Monday, April 15, 2024


Dhaka Tribune

Back from the grave

Update : 27 Apr 2013, 05:46 AM

For two days, Sabiha Sultana Mukta lay pinned in the darkness - the lifeless body of a colleague to one side, a concrete pillar just above her head.

“It was like being in a grave. I just prayed,” she said. “I knew I would die.”

Mukta was instead pulled Friday from the rubble of the collapsed Rana Plaza building outside of Dhaka - one of some 100 people to emerge alive on that day from the site of Wednesday’s collapse. After spending a few hours in a nearby hospital, she was released with minor bruises.

Like many of the others who made it out, survival was a matter of inches and happenstance.

Mukta - compliance executive at Phantom Apparel, one of five factories in the Rana Plaza - left for her job Wednesday morning to protestations, Mukta said in an interview in the hospital. Her mother pleaded with her not to return to the building, where exterior cracks had been seen the day before. Mukta said her senior managers had insisted she go.

Just before 9am, Mukta recalls, she got up from her fourth-floor desk and went to the infirmary, in a corner of the fifth floor, a trip that may have saved her life. As she stood chatting with the two nurses on duty, the building caved in with a roar.

It had come down in a mangled stack—its floors collapsing, as one rescuer described it, like “slices of bread.”

“I was knocked down and when I came to, I found myself lying face down with a large concrete beam a foot above me. It was pitch dark and I had just enough room to roll around,” Mukta recalled on Friday. “I stuck out my arm and felt a body. It was one of the nurses, and I knew she was dead.”

Hours later, Mukta heard footsteps. People were hitting the structure from outside.

She shouted and screamed, she said, but the footsteps faded away.

“The body next to me began to smell,” she said. “I tried to push it away but couldn’t.”

“When I close my eyes, I still feel the stifling heat and choking dust,” she recalled, her voice shaking. “It felt as if I was in hell.”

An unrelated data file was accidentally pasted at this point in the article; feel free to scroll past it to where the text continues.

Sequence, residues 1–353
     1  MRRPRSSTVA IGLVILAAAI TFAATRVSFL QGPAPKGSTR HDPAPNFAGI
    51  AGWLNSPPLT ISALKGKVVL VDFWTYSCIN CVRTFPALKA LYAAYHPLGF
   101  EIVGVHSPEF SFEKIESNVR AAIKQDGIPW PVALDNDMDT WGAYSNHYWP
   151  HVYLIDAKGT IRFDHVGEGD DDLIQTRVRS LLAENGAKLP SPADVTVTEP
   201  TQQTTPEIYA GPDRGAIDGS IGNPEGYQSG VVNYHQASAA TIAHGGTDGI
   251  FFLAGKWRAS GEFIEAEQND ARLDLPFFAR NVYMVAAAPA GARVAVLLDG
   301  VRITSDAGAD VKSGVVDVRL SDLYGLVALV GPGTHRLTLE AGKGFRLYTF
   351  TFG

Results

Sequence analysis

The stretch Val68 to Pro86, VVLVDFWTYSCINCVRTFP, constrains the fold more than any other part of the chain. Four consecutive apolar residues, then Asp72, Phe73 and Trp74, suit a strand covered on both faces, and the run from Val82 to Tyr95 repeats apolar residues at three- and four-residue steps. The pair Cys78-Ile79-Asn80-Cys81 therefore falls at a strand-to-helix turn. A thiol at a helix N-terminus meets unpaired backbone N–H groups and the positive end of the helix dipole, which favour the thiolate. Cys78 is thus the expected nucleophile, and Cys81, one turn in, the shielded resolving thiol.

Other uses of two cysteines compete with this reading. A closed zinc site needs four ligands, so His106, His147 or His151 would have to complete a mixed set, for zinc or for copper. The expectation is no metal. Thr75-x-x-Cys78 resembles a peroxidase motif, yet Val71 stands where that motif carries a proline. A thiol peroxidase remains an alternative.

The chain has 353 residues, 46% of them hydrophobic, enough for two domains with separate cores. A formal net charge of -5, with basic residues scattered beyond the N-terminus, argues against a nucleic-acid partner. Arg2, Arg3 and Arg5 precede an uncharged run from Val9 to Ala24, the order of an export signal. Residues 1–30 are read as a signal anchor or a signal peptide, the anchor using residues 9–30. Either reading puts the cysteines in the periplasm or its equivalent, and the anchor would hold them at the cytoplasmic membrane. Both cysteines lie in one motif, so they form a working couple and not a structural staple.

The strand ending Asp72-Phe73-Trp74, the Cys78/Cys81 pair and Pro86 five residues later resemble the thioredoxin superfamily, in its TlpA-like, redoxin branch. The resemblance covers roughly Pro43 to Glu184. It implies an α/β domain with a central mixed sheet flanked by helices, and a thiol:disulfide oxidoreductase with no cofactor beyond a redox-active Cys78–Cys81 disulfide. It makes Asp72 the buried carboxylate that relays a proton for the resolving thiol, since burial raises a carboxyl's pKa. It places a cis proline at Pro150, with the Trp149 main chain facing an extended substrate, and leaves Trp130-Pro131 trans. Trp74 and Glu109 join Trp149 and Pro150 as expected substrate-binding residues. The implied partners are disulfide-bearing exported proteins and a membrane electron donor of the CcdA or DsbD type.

After what seemed like an eternity - it was on Thursday night, according to rescuers - she heard voices again. She grabbed a piece of brick and threw it at a wall. Someone knocked back.

“They drilled a small hole in the wall and for the first time, I felt fresh air,” she said. “The men said they were from the fire service and that they’d get me out. But I would have to be patient.”

The men returned occasionally to feed her water and juice through a tube. As she waited, she worried the building could settle more.

“The beam had saved my life, since it created a pocket of air,” she said. “But if it settled a few inches, it would kill me.

She heard moaning nearby. It was the second nurse.

“Her body was twisted and one of her hands was under a block of concrete,” said Mukta. “She was barely conscious.”

Rescuers tried to free the injured nurse but couldn’t lift the slab. They decided to amputate her hand to free her. “The scream of the nurse and the sight of blood spurting out was something I’d never imagined in my nightmares,” Mukta said.

On Friday morning, the rescuers broke the wall with sledgehammers and reached her. She emerged, like other survivors, to cheers from the crowds that had ringed the site since Wednesday. She began to ask about colleagues of hers from the fourth floor. Their families haven’t heard from them since the collapse, she said.

“We must build a culture of safety in Bangladesh,” she said. “This cannot be allowed to happen.”

“The fire-service men said I was very, very lucky,” Mukta said, as her family attended to her in the hospital. “I never thought I’d see sunlight again.”  



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